By Cindy Schroeder
The Cincinnati Enquirer
INDEPENDENCE - After months of discussion, city officials will decide on Nov. 3 which, if any, of three controversial tax proposals to levy.
Independence officials have said a tax increase is necessary to cover a $610,826 shortfall and to ensure that police protection and street repairs keep pace with demands in one of Kentucky's fastest-growing cities.
A proposed 5 percent tax on homeowners and auto insurance is expected to generate $659,681 a year, the most of the three possible tax increases. Opponents, led by resident JoAnn Cobble, say the insurance tax would be a hardship on seniors and residents on fixed incomes.
Other options include raising the payroll tax rate on Jan. 1 from 1.25 percent to 1.5 percent, which is expected to bring in $218,353 a year. A proposed $12-a-year auto tax would generate $154,055. With delinquencies, that number would be closer to $150,000, Kenton County Clerk Bill Aylor told Independence officials.
Council member Jim Bushong said all three are viable options, but he added he wants more information on "what would bring in what'' before casting a vote.
"I think everybody's going into this with an open mind,'' Bushong said. "I don't think anything's chiseled in granite.''
Council member Mary Pat Behler said she also wants more information before deciding, which, if any tax, to support.
"(Monday) night, we heard a lot from the residents,'' Behler said. "One of the things I haven't heard yet is feedback from employers. I'm interested in finding out which tax would be more palatable for them.
"When you look at all three options, none of them is perfect,'' she said.
"The only one I'm against is the insurance tax,'' said Council member Donna Yeager. "I think it's going to hurt a lot of parents with teenaged (drivers). It'll make it hard on seniors with low, fixed incomes. If we have to have a tax, I'd favor one of the other two or both.''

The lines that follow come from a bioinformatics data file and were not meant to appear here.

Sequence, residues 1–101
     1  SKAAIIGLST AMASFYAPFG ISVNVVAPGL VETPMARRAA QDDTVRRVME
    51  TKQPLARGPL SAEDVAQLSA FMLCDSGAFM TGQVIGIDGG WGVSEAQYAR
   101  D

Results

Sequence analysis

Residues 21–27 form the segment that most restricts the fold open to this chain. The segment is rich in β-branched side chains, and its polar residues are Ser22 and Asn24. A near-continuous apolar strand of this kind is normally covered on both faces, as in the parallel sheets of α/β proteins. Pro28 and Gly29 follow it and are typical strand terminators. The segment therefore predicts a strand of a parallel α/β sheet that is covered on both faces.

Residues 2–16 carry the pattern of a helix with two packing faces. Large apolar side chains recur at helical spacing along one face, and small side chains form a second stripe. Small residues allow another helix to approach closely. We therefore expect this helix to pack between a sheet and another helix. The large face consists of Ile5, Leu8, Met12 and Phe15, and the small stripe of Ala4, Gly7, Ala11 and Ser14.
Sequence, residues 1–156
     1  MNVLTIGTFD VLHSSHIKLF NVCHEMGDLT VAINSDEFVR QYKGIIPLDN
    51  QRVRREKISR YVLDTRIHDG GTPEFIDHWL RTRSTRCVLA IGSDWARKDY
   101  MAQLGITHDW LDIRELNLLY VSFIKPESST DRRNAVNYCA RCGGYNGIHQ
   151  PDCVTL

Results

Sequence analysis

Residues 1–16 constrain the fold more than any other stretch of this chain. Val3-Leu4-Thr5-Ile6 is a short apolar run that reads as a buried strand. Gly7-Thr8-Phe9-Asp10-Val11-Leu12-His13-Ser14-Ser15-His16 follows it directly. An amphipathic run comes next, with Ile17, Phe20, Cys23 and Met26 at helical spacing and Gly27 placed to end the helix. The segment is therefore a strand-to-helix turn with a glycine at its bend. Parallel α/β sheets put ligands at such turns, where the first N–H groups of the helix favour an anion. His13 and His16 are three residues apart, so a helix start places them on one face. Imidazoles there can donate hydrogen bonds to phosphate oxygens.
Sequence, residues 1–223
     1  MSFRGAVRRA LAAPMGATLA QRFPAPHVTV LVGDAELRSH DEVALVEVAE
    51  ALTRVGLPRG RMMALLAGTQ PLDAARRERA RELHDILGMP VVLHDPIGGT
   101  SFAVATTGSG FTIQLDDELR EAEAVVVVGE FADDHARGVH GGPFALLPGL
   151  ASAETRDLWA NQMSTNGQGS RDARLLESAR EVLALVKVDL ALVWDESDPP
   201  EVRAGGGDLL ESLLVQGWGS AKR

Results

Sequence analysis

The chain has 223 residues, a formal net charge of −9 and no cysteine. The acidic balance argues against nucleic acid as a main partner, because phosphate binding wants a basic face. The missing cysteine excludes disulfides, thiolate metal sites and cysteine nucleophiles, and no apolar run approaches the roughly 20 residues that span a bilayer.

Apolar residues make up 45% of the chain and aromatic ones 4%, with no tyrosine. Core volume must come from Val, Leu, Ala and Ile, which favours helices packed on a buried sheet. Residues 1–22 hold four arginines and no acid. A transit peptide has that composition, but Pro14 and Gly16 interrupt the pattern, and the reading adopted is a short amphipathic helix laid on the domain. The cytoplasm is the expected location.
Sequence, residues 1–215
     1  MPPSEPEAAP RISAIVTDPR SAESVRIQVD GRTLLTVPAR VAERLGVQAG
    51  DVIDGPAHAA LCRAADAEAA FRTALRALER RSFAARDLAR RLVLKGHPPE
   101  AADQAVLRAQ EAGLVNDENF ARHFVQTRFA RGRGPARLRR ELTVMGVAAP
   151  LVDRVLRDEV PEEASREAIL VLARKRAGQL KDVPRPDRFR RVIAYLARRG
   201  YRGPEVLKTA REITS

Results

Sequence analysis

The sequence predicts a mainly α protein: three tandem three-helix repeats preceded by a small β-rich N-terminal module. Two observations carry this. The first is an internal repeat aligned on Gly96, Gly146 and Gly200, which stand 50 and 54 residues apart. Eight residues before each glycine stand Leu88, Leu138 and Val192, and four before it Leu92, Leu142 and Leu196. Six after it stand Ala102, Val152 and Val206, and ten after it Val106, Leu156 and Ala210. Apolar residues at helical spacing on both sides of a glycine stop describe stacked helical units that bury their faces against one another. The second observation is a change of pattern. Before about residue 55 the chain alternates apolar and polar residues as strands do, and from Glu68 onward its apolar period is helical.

Main Street plan unites beer, Bootsy
Report slams sewer brass
Teens learn dangers of Butler roads
'Scrunci bandit' suspect arrested
IN THE TRISTATE
Law lets parents weigh in on rehirings
Building would alter Hyde Park Square
County weighs 2 levies
Rape claim investigated at Woodward
Workshop shows how to preserve open space
Bronson: Protect the unions, soak the city taxpayers again
Howard: Good Things Happening
BUTLER, WARREN, CLERMONT
Driver of Mustang accused of kidnap try
School locked after bank robbed
Wall visit evokes 'Nam tales
Investors to try developing Wooster
No plan 'preferred,' officials say
Waynesville landlord, 73, faces drug peddling charge
Warren United Way director leaves drive before conclusion
Lebanon school levy backed
Guy Westmoreland, 60, was author and librarian
Feds wary of Davis-Besse's pump-fix plan
School funding appeal unheard
Man free on bond in boat wreck
Kentucky News Briefs
Jury in Lambert case needs more time
4 days in another's shoes
Independence mulls new taxes in face of $600K shortfall